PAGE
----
Not make such a breaking change (even with prior announcement)

> > - My hope (obviously no one can or should force a volunteer to do
> > anything) is that - where applicable - libraries start to replace
> > types & functions that have been merged into the c++11 standard with
> > their std equivalent or the equivalent c++11 language feature.
> Using std versus boost libraries is almost always equivalent to working
only in
> C++11 mode or above.

Yes, that would exactly be the consequence of dropping c++03 support

> > - In the long run, libraries that have been fully merged into c++11
> > could be deprecated and removed all together.
> What does "fully merged into c++11" mean ? Requires C++11 mode to work ?
> If a library which previously worked in C++03 mode is changed so that it
> requires C++11 mode on up, why would you want to remove or deprecate it
> ?

It is not about a boost library being changed, but about a boost library
Being integrated into the c++11 standard. "Fully merged into c++11" means
that there exists a functionality in c++11 that can completely replace
the equivalent boost member (e.g. std::array vs boost::array)
I believe, there are libraries where the boost version is actually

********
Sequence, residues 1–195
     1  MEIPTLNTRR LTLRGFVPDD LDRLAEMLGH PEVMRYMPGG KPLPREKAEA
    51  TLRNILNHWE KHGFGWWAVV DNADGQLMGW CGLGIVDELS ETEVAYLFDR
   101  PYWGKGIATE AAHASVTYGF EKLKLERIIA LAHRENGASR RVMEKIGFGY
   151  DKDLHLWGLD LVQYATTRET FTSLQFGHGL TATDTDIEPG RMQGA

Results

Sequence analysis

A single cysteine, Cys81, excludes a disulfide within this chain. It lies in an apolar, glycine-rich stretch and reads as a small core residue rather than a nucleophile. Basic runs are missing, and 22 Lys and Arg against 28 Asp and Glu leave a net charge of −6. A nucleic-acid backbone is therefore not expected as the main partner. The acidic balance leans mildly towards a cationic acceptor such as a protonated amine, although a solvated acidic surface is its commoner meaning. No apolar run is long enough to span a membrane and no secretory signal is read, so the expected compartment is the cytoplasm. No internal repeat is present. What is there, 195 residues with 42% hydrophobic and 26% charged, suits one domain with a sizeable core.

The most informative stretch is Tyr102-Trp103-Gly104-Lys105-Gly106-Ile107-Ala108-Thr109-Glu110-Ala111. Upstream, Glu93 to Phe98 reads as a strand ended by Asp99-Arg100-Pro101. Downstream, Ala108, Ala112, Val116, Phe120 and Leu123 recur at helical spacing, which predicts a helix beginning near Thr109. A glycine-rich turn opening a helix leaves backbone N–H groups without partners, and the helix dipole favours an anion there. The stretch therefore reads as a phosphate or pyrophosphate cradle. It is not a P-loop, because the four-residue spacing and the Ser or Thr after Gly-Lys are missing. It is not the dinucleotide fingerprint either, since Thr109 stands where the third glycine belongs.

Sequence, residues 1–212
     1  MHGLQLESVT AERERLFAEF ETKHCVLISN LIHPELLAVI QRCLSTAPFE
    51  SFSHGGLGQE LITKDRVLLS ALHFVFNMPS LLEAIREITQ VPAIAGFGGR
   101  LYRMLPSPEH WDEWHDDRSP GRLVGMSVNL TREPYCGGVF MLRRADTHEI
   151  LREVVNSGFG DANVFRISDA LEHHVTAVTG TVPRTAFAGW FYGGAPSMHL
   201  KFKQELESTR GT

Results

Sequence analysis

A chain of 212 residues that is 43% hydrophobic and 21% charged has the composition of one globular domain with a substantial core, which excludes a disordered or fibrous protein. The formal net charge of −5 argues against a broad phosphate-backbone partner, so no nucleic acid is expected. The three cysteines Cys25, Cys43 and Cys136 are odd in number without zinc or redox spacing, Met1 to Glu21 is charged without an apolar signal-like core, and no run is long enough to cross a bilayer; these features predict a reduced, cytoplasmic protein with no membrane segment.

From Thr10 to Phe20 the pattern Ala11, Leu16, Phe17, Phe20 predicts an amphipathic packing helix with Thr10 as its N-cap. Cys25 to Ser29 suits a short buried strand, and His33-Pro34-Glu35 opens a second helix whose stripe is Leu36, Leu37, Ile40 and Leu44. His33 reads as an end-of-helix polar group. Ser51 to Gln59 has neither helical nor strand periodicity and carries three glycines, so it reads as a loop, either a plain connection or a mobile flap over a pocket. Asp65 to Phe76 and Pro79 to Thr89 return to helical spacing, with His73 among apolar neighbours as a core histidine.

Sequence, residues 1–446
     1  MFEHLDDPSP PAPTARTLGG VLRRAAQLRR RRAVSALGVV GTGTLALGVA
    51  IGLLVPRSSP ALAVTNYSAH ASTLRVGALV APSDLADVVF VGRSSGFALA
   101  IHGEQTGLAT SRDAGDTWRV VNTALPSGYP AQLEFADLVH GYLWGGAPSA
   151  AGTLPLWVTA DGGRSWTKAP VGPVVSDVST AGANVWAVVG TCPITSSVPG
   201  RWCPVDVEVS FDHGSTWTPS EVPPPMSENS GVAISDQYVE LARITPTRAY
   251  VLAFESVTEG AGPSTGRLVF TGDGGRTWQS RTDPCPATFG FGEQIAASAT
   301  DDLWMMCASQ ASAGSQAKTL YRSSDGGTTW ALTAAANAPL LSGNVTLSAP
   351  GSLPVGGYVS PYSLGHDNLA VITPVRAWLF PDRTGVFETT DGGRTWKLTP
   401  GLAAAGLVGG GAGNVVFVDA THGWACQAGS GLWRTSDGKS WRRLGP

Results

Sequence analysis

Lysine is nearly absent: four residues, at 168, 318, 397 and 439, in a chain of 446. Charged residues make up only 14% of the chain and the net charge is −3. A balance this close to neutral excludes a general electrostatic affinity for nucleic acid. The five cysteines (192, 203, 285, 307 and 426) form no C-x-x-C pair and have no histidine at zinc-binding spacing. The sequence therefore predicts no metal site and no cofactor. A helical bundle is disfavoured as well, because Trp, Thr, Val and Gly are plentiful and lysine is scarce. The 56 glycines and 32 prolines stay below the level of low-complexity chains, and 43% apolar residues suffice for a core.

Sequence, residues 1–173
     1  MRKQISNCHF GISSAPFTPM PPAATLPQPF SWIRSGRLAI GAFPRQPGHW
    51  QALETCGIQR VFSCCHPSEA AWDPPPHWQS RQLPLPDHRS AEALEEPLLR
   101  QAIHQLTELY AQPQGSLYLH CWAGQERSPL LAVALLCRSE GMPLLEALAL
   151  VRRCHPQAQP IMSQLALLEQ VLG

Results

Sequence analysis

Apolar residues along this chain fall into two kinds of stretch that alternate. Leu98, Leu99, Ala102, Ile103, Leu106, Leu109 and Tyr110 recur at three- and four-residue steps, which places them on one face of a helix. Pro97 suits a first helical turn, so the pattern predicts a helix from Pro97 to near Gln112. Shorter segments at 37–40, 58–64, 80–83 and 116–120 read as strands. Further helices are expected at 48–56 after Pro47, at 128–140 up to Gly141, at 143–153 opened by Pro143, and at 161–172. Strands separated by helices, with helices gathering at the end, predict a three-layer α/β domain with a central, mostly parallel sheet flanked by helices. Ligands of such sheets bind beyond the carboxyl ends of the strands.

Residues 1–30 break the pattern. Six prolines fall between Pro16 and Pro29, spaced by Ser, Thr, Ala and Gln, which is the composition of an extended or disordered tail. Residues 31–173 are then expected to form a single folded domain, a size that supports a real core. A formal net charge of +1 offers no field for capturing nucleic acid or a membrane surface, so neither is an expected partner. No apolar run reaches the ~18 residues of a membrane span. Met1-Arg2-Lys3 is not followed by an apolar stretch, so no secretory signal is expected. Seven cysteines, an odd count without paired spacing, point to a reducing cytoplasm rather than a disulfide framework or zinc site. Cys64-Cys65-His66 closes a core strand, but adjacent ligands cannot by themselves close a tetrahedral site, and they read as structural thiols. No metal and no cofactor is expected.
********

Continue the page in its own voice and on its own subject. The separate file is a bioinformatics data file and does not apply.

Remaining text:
more powerful.
I'm calling this merged into c++11, as I consider boost somewhat of
an experimental / development branch of the standard c++ library.

> > [...]
> OK, at least this is your definition of what "dropping support for
> C++03" means.

Yes, that is what I said at the very beginning of my post:
> What *I* generally expect "dropping c++03 support" to mean

> The problem with your definition of "dropping support for C++03" is that
> end-users of Boost libraries need to be told that Boost no longer can
> guarantee that a library which currently works in C++03 mode will continue
> do so. This announcement as I see it would have to be determined by the
> Boost Steering Committee and announced on the website, as a minimum. I
> am not personally against doing so, but I am also glad I am not involved
in any
> way ofd making such a decision.

I thought that this is exactly what this discussion was about
(not the original question of the thread, but the spinoff)
But just to be clear: I'm not a boost developer/contributor and while
I personally think dropping c++03 support would be the right thing to do,
I feel neither qualified nor do I have the influence to promote such an
agenda. I just wanted to explain my understanding of
"dropping c++03 support".

> I am personally against dropping libraries
> from Boost just because they happen to work in C++03 mode, when that
> library also works fine in C++11 mode on up.

I'm sorry if I made the impression that I'd advocate this.
I don't think anyone is suggesting this and actually I wonder if people
implying this are raising a strawman here.

What I like like to see in the long run is the removal of boost libraries
that are superseded by c++11 libraries.

So, I hope I could clear up things a bit and did not confuse further.

Cheers and Best regards